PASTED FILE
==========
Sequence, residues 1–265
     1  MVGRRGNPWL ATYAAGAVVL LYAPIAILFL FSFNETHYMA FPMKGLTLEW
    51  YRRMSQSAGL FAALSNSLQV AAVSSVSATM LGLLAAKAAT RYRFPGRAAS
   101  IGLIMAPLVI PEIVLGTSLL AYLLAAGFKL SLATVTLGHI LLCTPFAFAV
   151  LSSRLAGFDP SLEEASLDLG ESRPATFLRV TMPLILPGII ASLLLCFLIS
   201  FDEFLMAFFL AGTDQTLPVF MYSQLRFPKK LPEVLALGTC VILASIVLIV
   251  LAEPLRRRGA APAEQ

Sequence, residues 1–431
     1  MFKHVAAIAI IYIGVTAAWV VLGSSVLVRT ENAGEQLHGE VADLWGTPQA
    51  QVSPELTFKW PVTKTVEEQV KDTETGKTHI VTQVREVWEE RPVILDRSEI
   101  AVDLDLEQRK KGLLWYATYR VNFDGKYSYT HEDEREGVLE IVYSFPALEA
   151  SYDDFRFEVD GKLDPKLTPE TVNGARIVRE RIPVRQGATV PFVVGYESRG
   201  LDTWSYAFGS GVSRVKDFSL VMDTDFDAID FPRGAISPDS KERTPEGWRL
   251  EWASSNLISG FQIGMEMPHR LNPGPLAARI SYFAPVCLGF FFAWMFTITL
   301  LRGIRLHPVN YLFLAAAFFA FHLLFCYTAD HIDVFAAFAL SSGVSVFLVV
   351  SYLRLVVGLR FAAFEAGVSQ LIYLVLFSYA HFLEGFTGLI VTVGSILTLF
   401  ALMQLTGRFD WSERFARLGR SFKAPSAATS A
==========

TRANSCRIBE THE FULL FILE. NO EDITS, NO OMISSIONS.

Sequence, residues 1–265
     1  MVGRRGNPWL ATYAAGAVVL LYAPIAILFL FSFNETHYMA FPMKGLTLEW
    51  YRRMSQSAGL FAALSNSLQV AAVSSVSATM LGLLAAKAAT RYRFPGRAAS
   101  IGLIMAPLVI PEIVLGTSLL AYLLAAGFKL SLATVTLGHI LLCTPFAFAV
   151  LSSRLAGFDP SLEEASLDLG ESRPATFLRV TMPLILPGII ASLLLCFLIS
   201  FDEFLMAFFL AGTDQTLPVF MYSQLRFPKK LPEVLALGTC VILASIVLIV
   251  LAEPLRRRGA APAEQ

Sequence, residues 1–431
     1  MFKHVAAIAI IYIGVTAAWV VLGSSVLVRT ENAGEQLHGE VADLWGTPQA
    51  QVSPELTFKW PVTKTVEEQV KDTETGKTHI VTQVREVWEE RPVILDRSEI
   101  AVDLDLEQRK KGLLWYATYR VNFDGKYSYT HEDEREGVLE IVYSFPALEA
   151  SYDDFRFEVD GKLDPKLTPE TVNGARIVRE RIPVRQGATV PFVVGYESRG
   201  LDTWSYAFGS GVSRVKDFSL VMDTDFDAID FPRGAISPDS KERTPEGWRL
   251  EWASSNLISG FQIGMEMPHR LNPGPLAARI SYFAPVCLGF FFAWMFTITL
   301  LRGIRLHPVN YLFLAAAFFA FHLLFCYTAD HIDVFAAFAL SSGVSVFLVV
   351  SYLRLVVGLR FAAFEAGVSQ LIYLVLFSYA HFLEGFTGLI VTVGSILTLF
   401  ALMQLTGRFD WSERFARLGR SFKAPSAATS A